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Dihydromyricetin (DHM)

Buy Our Dihydromyricetin (DHM) Supplement


Dihydromyricetin – also known as DHM or Ampelopsin – is a relatively new supplement that occurs in a number of plant species and is used for anti-inflammatory, anti-hangover, and liver-support benefits. Ampelopsin has the chemical formula C15H12O8 and a molecular weight of 320.253 g/mol.


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Dihydromyricetin (DHM) Benefits and Uses


Dihydromyricetin (DHM) is taken by mouth for its purported antioxidant and anti-inflammatory benefits. More recently, research has pointed to its potential use as a supplement to help reduce the symptoms of a hangover and to protect the liver. It has long been used in Traditional Chinese Medicine (TCM) to help reduce the effects of inflammation in the body.


Research in animal studies suggests several important mechanisms of action relating to DHM’s ability to protect against hangovers:

-       It triggers the production of the enzymes alcohol dehydrogenase (ADH) and acetaldehyde dehydrogenase (ALDH)

-       DHM appears to improve the efficacy of both ADH and ALDH

-       It helps to reduce fatty acid accumulation in the liver

-       DHM reduced the expression of inflammation markers in the liver, including IL-1β, NF-κB, and TNF-α.




DHM is known by a number of alternative names including:





Hovenia dulcis






Scientific Consensus:


DHM is likely safe when taken by mouth. It is taken commonly to help reduce the symptoms of hangover and protect the liver against inflammation, especially caused by alcohol use. As an oral supplement, the recommended serving size of Dihydromyricetin is 400 mg. Take 1-2 servings up to twice per day.


There is still a need for further research into the significance of DHM’s benefits and adverse effects. Nevertheless, Dihydromycetin appears safe for use at the recommended serving size, with only mild side effects very rarely being reported.


There is insufficient research to support the use of DHM (Ampelopsin) supplementation during pregnancy and breastfeeding.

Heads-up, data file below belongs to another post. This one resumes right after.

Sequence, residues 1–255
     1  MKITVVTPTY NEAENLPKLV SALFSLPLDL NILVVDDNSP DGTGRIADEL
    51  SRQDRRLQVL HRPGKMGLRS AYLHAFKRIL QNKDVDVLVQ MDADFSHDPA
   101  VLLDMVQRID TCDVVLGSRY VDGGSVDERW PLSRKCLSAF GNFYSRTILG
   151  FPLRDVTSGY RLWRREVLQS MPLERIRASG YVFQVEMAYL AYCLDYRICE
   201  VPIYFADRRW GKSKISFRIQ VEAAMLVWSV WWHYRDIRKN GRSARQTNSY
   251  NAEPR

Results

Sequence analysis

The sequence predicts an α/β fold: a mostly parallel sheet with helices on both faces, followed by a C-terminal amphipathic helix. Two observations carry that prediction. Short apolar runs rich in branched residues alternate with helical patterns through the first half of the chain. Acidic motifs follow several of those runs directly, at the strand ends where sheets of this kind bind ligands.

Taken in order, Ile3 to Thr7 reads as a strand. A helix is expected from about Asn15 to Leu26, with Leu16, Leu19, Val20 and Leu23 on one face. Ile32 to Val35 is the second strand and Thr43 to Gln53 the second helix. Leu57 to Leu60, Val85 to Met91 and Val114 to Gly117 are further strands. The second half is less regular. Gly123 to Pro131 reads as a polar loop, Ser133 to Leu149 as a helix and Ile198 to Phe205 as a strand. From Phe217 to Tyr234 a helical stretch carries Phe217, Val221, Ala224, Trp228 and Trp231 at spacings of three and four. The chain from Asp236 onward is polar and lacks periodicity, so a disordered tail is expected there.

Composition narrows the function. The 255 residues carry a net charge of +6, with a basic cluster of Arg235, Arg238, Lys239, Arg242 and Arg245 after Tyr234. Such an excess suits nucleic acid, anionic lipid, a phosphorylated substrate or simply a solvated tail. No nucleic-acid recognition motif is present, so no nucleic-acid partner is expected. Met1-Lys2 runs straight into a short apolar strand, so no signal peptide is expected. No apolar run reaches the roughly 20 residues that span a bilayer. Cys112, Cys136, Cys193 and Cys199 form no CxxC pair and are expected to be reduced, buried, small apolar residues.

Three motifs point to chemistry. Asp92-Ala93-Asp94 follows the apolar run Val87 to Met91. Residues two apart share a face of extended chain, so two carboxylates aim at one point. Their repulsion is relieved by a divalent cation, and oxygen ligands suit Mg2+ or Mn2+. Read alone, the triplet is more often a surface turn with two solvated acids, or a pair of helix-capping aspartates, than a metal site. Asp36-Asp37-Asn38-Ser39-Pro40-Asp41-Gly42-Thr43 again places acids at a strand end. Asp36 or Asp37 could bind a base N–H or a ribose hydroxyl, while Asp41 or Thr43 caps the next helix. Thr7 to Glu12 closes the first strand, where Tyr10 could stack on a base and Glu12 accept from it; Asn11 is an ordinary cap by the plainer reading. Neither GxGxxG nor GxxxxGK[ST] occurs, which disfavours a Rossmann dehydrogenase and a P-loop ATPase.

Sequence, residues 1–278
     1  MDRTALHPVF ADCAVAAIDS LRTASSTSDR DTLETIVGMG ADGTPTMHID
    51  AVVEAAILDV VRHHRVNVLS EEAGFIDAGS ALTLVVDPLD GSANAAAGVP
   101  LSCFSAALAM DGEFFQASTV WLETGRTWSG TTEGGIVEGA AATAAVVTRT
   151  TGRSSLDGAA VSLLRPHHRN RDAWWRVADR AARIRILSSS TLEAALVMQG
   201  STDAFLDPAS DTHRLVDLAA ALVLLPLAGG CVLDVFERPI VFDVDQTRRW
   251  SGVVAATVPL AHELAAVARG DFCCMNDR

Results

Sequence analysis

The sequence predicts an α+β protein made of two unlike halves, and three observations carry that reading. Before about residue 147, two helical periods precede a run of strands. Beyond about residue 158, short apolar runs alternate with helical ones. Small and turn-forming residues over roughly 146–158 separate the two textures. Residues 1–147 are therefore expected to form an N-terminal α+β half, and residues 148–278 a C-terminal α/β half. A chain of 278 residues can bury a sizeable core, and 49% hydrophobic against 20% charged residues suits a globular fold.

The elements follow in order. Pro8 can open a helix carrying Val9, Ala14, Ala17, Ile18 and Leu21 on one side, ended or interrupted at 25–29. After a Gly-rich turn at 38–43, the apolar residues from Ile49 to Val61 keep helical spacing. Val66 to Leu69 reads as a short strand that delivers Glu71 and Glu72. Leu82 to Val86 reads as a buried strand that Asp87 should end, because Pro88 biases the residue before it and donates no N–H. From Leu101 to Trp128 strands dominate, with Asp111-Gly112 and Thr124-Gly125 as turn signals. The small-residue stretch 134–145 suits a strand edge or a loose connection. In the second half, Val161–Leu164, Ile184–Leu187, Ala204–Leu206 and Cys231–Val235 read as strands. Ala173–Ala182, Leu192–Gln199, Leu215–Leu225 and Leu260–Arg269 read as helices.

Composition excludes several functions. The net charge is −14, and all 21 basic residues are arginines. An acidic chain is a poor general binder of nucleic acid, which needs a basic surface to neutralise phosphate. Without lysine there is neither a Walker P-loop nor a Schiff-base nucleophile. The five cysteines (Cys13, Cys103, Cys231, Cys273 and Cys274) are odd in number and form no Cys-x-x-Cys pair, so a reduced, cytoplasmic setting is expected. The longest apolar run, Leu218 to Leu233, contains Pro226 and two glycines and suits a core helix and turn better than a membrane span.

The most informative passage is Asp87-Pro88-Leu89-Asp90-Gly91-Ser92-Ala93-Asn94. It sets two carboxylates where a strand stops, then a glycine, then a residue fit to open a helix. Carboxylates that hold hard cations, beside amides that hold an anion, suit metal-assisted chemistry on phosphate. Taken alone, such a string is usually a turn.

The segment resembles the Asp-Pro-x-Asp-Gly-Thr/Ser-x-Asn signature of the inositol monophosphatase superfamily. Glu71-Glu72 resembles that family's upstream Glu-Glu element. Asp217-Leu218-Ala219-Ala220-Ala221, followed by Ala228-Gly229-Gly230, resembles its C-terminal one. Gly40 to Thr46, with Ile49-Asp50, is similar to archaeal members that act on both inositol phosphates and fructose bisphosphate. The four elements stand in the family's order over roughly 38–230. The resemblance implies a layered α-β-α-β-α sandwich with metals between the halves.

All dietary supplements have risks. Please ensure that you are familiar with the latest research on effects, side effects, benefits, and uses of a supplement before buying it.


Store in a cool, dry place. Keep out of reach of children. If you have any underlying medical conditions or are taking any medication, please consult a medical professional before using this supplement. 


These statements have not been evaluated by the Food and Drug Administration. This product is not intended to diagnose, treat, cure, or prevent any disease.


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How We Research Our Content

Our content is written using meticulous research methods and claims are backed by links to scientific references, wherever possible. The author and editors of Liftmode's Research Team have strong academic backgrounds in microbiology, physiology, and biochemistry.

Content Updated On: July 6, 2020




  • Silva, J., Yu, X., Moradian, R., Folk, C., Spatz, M.H., Kim, P., Bhatti, A.A., Davies, D.L. and Liang, J. (2020), Dihydromyricetin Protects the Liver via Changes in Lipid Metabolism and Enhanced Ethanol Metabolism. Alcohol Clin Exp Res, 44: 1046-1060. doi:10.1111/acer.14326

  • Shen, Y., Lindemeyer, A. K., Gonzalez, C., Shao, X. M., Spigelman, I., Olsen, R. W., & Liang, J. (2012). Dihydromyricetin as a novel anti-alcohol intoxication medication. The Journal of neuroscience: the official journal of the Society for Neuroscience, 32(1), 390–401.

  • Ren, Z., Yan, P., Zhu, L., Yang, H., Zhao, Y., Kirby, B. P., Waddington, J. L., & Zhen, X. (2018). Dihydromyricetin exerts a rapid antidepressant-like effect in association with the enhancement of BDNF expression and inhibition of neuroinflammation. Psychopharmacology, 235(1), 233–244.

  • Li, H., Li, Q., Liu, Z., Yang, K., Chen, Z., Cheng, Q., & Wu, L. (2017). The Versatile Effects of Dihydromyricetin in Health. Evidence-based complementary and alternative medicine : eCAM, 2017, 1053617.